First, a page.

Why do bladder problems seem worse in cold weather?

Why do bladder problems seem worse in the winter?

Why do bladder problems often seem worse in cold weather? Why can going from a cosy, warm room out into the cold result in an urge to urinate? Why can incontinence issues seem worse after a night out, a few glasses of wine, a couple of pints of beer or a party? And do men suffer more than women? Our Consultant Urologist Mr Steve Garnett has some answers to the most commonly-asked questions.

Why do we urinate more in cold weather?

Steve Garnett is the lead Consultant Urologist at Benenden Hospital. According to Mr Garnett, there's always an influx of patients with urinary symptoms over the winter period and especially in the new year.

“It's a fact that urinary symptoms do get worse in the cold weather. As we tend to sweat less and, as a result lose less fluid through sweating, we produce more urine instead. So there will be a need to pee more. For most people this isn’t a problem, but for some their overactive bladder can start to affect their daily lives. It's at this point that they should seek medical advice from their GP or a Consultant Urologist” according to Mr Garnett.

What else can cause bladder problems?

It's not only cold weather which can affect your bladder and start to cause problems. Drinking alcohol at Christmas and new year parties or at work parties will also make things worse. Alcohol, tea, coffee, energy drinks and all caffeinated drinks, including tea, coffee and cola, can all aggravate the bladder.

Mr Garnett believes that people should be careful over the festive season, resist temptation and not drink excessive amounts of alcohol. "If someone already has a problem they could tip themselves over the edge into not being able to pass urine at all. In the new year we do see some people who need to have a catheter inserted."

Are men or women more likely to suffer from bladder problems?

The amount of men and women who suffer with urinary symptoms is roughly even, but women are much more likely to seek help at an earlier stage.

“Men are more likely to suffer in silence" he says. "They're not so good at talking about their health problems. Often it's their spouse or partner who persuades them to see a doctor, as they're fed up with being woken up several times during the night. In some cases, they find that it's affecting their lives too.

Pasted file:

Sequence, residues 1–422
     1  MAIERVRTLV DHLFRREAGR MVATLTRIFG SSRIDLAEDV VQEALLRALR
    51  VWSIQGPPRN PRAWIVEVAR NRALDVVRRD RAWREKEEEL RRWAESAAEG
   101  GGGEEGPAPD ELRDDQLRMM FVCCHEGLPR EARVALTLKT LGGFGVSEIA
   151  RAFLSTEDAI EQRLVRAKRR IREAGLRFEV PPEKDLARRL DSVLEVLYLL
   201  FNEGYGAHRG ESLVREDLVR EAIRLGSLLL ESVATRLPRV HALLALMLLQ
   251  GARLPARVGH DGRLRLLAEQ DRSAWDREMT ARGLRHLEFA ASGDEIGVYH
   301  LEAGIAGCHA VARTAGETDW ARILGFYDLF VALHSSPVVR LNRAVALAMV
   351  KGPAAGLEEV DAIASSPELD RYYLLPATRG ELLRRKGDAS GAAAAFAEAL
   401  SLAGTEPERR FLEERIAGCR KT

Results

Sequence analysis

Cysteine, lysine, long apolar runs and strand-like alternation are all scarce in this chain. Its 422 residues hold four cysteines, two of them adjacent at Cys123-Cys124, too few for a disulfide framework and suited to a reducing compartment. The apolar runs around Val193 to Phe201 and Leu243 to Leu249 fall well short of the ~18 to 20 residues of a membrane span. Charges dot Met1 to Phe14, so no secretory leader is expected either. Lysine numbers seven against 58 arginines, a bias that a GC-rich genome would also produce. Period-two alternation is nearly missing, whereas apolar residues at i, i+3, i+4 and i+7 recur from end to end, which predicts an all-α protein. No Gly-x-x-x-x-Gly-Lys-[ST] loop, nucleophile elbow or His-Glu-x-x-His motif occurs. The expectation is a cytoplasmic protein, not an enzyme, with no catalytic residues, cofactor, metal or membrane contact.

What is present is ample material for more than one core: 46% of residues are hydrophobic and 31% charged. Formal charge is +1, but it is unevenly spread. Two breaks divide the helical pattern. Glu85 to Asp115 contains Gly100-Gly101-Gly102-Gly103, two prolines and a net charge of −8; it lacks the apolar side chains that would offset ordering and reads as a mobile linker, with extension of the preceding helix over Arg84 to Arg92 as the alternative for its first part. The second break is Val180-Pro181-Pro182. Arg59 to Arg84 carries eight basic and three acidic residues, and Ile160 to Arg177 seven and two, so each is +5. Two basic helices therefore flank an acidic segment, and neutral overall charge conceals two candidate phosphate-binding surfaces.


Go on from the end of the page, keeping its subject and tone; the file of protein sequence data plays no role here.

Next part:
“Men can start to worry about prostate cancer if they have an increased need to urinate, if they strain while urinating or feel that their bladder hasn't fully emptied after each visit to the toilet. These symptoms should not be ignored, but they don't mean that someone definitely has prostate cancer. It's more likely that they are caused by something else, such as benign prostate enlargement (Benign Prostatic Hyperplasia) which can be treated with a Urolift® procedure at Benenden Hospital."

What can I do if bladder problems are affecting my life?

“If you feel that your urinary symptoms are getting worse, or disrupting your life, you should seek professional advice as soon as possible. It might be that you are tired all day because you have had to get up to pee several times during the night, or you might find that you don’t want to go out to places if you don’t know where the toilets are. You might avoid the cinema or the theatre, or for a drive in your car, as you worry that you won’t be able to sit through an entire film or play or be able to find a toilet en route.”

Mr Garnett’s advice is to seek professional help sooner rather than later. Often urinary symptoms can be easily solved. Sometimes the solution is as simple as watching what you drink.

For more information, or to book a consultation with one of our Urology experts, contact us online or call our Private Patient Team on 01580 363158.

Published on 03 February 2020